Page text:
Between the Sheets: The Links Between Sex, Sleep, and Stress
Sex is everyone’s favorite topic. Sleep? Not so much. In this article, we’re diving into the reasons why sleep is sexy, and how sleep and sex are fundamentally interwoven. We’ll also talk about a third factor and how that could be impacting your sexual health, pleasure, and fertility.
Sleep and sex are fundamental biological processes that are essential for human health and wellbeing. They are intricately connected and interdependent, meaning that disruptions in one process can have significant impacts on the other.
Another important factor at play? Stress. Anxiety and stressful emotions can exacerbate inflammation, which is defined by Informed Health as “the immune system’s response to an irritant.” Though inflammation can be helpful when it’s acute (like when you scrape your knee and your immune system fights the bacteria trying to enter your body) it’s harmful when it’s chronic. According to the Cleveland Clinic, “If your body sends out inflammatory cells when you are not sick or injured, you may have chronic inflammation.” One common example is when, “rheumatoid arthritis inflammatory cells attack joint tissues, leading to inflammation that…can cause severe damage to joints, with pain and deformities.” Chronic inflammation is associated with a host of symptoms—some of which can affect your sex life.
Sleep and Inflammation
First, let’s connect the dots between sleep and inflammation. Sleep, as we know, helps the body to repair and rejuvenate. A good night's sleep is crucial for maintaining good health and is known to reduce the risk of several diseases. Obviously, sleep can be disrupted by stress and subsequent chronic inflammation. No surprise there.
What’s lesser-known is that sleeplessness can also cause an increase in the levels of inflammation in the body. Studies have shown that sleeplessness can increase the production of pro-inflammatory cytokines, which are signaling molecules that mediate the immune response. Elevated levels of cytokines can result in chronic inflammation and contribute to the development of various conditions, including sexual dysfunction.
Inflammation and Sex
As mentioned before, chronic low-grade inflammation can impact sex. Inflammation is a no-no for a great sex life, with links to decreased libido and sexual arousal, and impaired sexual performance. It can also cause hormonal imbalances, which can further impact sexual health and function. Studies have shown that elevated levels of cytokines can decrease the levels of testosterone, which can result in decreased libido, and in men, can cause erectile dysfunction and reduced sperm production.
Sleep and Sex
Now, let’s connect the dots between sleep and sex. Sleeplessness can have significant impacts on sexual health and functioning. According to the Sleep Foundation,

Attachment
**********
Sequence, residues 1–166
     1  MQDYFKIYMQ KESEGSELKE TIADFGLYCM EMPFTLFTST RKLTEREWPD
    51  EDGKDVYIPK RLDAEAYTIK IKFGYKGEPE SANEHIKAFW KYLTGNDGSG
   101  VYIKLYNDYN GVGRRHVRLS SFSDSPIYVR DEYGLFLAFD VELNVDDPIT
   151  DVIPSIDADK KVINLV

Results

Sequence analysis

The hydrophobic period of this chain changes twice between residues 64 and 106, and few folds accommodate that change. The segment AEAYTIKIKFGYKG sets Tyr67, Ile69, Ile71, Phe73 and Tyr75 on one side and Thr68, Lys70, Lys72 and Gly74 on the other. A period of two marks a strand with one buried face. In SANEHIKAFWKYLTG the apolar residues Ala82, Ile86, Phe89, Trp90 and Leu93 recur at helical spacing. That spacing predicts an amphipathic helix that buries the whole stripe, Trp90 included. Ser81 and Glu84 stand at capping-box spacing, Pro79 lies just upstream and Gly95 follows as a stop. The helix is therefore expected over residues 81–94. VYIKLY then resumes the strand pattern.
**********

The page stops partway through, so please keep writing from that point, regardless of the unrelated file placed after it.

“Sleep deprivation has been associated with reduced sexual desire and arousal in women. As a result, insomnia, one of the most common sleep disorders, may be a risk factor for sexual dysfunction. A lack of sleep and disrupted sleep have also been linked to a higher risk of erectile dysfunction.”
Similar to inflammation, it can impair sexual performance and cause hormonal imbalances, which can further impact sexual health and function.
Sleep and Fertility
When your body isn’t getting sleep, it’s operating in survival mode, and survival mode is not (according to human biology) the time to be reproducing. When you’re not sleeping, your body assumes you’re in danger, so resources that would have gone into reproduction go into helping you to survive.
According to writer Kara-Marie Hall, R.N., B.S.N., C.C.R.N. in an article for GoodRx, sleeplessness has a material impact on your fertility hormones:
“The male body…uses testosterone to produce sperm, which is key to reproduction and fertility. Males who do not get adequate sleep may not produce enough sperm. In addition, low testosterone levels can harm the quality of existing sperm. These factors, plus low libido, can impact a male’s ability to conceive children. For females, research has linked long-term lack of sleep to having an irregular menstrual cycle, which can trigger problems with ovulation.”
Into the bedroom
Here are our suggestions for contributing to an endless cycle of wellness in the areas of sex, sleep, and stress.
1. Address sexual health and function issues by talking to your partner and your doctor about what you’re experiencing.
3. Reduce inflammation through better eating habits, mindfulness practices, and, of course, better sleep.We’re convinced that sleep is one of the cornerstones of health and wellness. If you need help falling asleep, try Dream Powder, a natural night-time hot cocoa that’s clinically shown to improve sleep in 93% of people.